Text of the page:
March 24, 2011
Jessica, Registered Dietitian
Hello, my name is Jessica and I am Harmons new registered dietitian! In fact, I’m the first dietitian that Harmons is adding to the team as we continue to expand our commitment to Health and Wellness in our communities. I will be based out of the new Farmington Station Park store in May, but I will share my passion for practical nutrition and healthy lifestyles with all of you through this blog. Please feel free to share your feedback or suggest future topics on our Facebook page!
March is National Nutrition Month and this year’s theme is Eat Right with Color. Does your dinner plate usually include a rainbow of colors, or is it more like a drab arrangement of white and beige? Sugar and refined grains (white and beige) make up 1/3 of the calories most Americans eat each day. Yet the new Dietary Guidelines for Americans recommends increasing our fruit and veggie intake while minimizing sweeteners and processed foods. Adding colorful fruits and veggies to your diet does more than brighten up your meals . . . it provides you with an array of healthy nutrients. Use this color guide to help you get the most from your diet:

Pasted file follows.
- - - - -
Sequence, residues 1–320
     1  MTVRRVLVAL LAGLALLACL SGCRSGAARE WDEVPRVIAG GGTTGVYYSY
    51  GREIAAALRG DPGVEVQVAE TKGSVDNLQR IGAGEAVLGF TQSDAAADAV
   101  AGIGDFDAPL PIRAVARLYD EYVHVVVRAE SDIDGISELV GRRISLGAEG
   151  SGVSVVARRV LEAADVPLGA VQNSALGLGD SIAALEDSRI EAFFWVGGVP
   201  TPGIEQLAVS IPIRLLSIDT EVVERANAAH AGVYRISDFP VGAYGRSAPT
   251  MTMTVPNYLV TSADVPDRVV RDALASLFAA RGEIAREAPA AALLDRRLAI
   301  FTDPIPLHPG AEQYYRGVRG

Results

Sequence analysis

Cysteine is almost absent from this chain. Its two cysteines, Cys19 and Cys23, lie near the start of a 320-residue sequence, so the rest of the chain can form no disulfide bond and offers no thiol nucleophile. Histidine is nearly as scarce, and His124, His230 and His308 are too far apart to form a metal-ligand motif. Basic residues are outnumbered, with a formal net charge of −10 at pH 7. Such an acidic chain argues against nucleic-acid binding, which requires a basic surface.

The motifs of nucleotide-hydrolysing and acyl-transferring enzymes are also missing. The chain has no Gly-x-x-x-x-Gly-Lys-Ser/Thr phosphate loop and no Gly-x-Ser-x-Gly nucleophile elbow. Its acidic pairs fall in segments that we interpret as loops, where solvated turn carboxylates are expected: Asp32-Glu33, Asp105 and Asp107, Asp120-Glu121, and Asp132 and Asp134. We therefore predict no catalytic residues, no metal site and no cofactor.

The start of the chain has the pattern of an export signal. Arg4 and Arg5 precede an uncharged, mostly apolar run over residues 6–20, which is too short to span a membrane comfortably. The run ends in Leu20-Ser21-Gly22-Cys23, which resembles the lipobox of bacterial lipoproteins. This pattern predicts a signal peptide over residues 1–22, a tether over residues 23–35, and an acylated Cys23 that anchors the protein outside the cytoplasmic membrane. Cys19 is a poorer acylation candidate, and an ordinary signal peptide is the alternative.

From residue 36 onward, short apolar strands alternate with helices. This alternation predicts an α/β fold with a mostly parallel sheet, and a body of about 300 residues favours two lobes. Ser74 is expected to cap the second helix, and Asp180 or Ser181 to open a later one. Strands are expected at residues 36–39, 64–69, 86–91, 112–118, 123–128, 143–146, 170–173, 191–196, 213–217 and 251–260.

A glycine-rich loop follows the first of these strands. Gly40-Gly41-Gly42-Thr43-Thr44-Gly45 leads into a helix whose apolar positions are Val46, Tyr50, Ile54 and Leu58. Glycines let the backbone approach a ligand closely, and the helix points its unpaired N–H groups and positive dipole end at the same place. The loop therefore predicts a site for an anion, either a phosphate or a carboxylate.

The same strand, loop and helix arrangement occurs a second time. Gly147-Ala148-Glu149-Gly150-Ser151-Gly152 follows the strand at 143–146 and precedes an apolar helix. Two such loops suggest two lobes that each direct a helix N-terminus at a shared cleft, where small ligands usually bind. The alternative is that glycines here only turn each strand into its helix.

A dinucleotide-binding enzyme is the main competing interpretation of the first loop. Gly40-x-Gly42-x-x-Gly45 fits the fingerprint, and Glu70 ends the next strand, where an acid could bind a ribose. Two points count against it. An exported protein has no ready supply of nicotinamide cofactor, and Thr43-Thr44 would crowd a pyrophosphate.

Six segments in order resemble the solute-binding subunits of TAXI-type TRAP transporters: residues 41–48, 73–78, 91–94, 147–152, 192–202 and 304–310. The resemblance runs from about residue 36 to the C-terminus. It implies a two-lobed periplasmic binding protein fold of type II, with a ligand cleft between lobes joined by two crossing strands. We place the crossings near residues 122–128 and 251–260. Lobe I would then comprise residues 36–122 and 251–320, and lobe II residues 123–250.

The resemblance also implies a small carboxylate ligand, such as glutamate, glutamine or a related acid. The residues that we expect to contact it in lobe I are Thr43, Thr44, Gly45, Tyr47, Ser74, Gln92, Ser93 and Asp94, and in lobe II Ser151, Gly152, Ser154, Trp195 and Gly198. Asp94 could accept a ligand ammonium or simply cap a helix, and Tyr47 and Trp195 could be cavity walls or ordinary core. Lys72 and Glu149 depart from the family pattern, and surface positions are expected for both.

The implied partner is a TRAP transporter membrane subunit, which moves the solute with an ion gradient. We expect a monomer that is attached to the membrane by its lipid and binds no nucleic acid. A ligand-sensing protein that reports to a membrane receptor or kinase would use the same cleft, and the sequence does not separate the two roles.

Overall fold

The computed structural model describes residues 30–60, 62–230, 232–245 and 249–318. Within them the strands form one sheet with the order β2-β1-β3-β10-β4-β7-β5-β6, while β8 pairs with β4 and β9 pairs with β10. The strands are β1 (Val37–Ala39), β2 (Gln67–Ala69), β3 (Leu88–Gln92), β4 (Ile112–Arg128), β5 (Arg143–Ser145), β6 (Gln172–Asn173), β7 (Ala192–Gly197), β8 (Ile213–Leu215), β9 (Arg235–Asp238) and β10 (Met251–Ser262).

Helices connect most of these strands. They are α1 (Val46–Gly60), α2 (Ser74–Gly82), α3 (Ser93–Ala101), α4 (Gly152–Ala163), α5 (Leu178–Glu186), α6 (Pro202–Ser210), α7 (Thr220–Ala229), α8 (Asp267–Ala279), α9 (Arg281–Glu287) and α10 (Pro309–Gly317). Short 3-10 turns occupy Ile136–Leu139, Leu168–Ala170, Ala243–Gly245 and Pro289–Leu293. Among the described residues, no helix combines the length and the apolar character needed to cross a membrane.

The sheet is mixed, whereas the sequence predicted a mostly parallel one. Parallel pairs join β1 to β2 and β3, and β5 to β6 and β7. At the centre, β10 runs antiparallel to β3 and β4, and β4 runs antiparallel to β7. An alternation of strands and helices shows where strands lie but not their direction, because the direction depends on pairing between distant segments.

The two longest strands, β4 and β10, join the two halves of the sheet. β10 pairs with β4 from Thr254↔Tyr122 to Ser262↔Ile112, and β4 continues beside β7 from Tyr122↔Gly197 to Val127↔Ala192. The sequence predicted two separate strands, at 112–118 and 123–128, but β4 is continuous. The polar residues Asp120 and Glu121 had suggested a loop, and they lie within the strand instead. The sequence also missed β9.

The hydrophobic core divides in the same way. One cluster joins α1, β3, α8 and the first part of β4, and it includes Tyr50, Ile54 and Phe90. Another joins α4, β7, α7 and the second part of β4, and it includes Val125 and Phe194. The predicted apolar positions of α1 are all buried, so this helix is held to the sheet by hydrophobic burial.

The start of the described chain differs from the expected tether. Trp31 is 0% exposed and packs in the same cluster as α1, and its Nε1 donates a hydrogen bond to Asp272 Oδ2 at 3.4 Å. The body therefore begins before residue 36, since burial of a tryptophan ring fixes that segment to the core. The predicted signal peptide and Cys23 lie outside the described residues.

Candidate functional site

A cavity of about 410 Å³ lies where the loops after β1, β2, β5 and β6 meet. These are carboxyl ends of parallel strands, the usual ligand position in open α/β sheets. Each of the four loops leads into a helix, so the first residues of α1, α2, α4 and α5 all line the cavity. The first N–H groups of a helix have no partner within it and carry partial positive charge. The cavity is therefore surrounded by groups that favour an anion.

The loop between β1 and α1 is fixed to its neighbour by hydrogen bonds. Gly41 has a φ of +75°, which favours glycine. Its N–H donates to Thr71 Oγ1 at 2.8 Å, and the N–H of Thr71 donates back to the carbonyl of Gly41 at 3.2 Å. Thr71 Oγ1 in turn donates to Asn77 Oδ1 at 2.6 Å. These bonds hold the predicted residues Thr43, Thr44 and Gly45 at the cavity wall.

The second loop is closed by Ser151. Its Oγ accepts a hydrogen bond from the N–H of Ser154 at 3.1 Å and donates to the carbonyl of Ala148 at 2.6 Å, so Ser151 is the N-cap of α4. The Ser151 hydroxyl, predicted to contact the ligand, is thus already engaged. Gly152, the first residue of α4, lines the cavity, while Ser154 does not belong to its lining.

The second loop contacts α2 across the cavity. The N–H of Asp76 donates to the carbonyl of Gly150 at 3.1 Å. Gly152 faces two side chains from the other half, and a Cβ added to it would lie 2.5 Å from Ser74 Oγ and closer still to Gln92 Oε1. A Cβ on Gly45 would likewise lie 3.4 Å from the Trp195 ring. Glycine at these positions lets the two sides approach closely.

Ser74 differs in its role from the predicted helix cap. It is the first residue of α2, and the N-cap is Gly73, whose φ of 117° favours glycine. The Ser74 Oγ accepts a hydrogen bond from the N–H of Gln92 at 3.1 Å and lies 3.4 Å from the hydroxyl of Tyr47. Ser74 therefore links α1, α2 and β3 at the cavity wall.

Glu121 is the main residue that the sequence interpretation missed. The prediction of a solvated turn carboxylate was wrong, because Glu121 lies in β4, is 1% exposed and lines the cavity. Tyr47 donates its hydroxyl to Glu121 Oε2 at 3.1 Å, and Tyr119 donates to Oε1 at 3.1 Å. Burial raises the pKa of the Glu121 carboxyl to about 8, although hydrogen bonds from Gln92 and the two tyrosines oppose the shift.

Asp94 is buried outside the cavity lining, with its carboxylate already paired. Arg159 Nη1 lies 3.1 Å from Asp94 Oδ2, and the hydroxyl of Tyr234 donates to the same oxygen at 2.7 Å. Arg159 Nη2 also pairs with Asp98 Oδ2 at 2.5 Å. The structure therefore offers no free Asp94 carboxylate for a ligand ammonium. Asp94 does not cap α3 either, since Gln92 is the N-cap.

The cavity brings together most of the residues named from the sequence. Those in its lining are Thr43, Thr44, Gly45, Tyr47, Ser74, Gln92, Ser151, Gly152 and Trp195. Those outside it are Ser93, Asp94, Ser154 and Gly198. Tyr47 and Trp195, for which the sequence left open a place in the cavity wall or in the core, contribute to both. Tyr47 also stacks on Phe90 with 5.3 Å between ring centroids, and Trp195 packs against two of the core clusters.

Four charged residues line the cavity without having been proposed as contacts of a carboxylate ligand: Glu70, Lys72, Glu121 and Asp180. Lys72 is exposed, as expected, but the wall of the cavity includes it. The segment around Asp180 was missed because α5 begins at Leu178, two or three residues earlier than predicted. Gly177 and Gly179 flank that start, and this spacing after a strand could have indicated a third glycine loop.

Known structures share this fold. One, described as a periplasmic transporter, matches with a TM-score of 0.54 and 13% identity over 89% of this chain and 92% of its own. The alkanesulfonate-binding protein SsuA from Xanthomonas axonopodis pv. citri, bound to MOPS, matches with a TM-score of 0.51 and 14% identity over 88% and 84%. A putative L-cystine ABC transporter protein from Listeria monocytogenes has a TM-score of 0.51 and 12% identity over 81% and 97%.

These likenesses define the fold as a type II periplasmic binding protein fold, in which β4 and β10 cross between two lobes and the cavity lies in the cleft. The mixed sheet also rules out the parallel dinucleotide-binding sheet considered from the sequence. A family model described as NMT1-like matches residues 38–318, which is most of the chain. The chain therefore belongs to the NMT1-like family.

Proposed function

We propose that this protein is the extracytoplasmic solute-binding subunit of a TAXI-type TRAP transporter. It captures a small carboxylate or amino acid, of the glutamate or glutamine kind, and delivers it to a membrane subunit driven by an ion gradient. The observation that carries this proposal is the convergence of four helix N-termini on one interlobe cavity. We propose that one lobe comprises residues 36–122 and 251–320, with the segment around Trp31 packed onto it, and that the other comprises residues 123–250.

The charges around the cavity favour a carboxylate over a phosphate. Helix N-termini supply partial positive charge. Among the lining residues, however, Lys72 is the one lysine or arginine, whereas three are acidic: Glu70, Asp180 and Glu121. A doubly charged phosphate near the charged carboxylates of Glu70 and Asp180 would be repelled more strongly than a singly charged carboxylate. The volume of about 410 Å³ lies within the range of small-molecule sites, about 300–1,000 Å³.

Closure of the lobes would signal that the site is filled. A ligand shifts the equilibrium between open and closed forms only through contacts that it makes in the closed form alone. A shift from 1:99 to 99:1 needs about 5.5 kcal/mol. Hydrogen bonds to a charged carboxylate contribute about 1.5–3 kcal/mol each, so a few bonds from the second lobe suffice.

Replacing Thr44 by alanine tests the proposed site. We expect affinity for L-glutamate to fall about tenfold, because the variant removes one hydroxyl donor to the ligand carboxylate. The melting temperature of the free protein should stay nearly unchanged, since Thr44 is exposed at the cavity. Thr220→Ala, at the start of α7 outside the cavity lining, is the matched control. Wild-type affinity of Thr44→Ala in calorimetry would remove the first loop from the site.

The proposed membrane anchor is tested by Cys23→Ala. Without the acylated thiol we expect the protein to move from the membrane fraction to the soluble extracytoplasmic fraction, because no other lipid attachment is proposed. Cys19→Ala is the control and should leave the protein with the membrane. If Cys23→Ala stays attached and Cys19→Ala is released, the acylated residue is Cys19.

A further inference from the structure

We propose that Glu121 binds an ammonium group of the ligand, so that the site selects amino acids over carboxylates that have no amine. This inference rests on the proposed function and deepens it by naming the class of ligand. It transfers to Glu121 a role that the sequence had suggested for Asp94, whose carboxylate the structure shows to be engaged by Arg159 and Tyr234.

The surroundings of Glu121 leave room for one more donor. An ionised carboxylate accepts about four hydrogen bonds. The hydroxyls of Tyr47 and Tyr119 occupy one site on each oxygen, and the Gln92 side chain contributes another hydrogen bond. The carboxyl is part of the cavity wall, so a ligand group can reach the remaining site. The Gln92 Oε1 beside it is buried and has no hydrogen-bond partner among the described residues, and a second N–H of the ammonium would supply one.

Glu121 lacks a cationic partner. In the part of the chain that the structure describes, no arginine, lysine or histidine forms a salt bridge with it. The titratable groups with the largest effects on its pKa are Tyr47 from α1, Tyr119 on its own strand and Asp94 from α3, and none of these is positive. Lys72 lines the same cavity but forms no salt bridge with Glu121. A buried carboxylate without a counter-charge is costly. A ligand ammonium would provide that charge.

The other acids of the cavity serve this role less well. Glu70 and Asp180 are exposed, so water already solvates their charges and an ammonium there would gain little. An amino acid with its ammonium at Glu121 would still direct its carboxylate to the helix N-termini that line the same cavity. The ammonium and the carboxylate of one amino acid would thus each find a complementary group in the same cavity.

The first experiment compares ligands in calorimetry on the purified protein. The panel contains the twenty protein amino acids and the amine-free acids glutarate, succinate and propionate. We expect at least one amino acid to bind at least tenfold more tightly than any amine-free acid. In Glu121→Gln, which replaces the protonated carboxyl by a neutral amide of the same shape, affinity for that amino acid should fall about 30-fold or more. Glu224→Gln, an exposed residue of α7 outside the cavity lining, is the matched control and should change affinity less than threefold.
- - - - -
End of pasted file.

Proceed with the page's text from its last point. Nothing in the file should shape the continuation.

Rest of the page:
Green: Contain powerful antioxidants and may help promote healthy vision and reduce cancer risk.
Fruits: avocado, apples, grapes, kiwi, and honeydew
Vegetables: asparagus, broccoli, green beans, and leafy greens (like spinach)
Orange/Yellow: Promotes healthy vision and immunity, and may reduce the risk of some cancers.
Fruits: apricot, cantaloupe, grapefruit, mango, and peach
Vegetables: carrots, yellow pepper, yellow corn and sweet potatoes
Purple/Blue: Anti-aging benefits and may help with memory and urinary tract health.
Fruits: blackberries, blueberries, plums, and raisins
Vegetables: eggplant, purple cabbage, and purple-fleshed potato
Red: Helps maintain a healthy heart, vision, immunity, and may reduce cancer risk.
Fruits: cherries, cranberries, pomegranate, red grapes and watermelon
Vegetables: beets, red onions, red peppers, red potatoes, and tomatoes
White/Tan/Brown: May promote heart health and reduce some cancer risks.
Fruits: banana, brown pear, dates and white peaches
Vegetables: cauliflower, mushrooms, onions, parsnips, turnips, and white-fleshed potato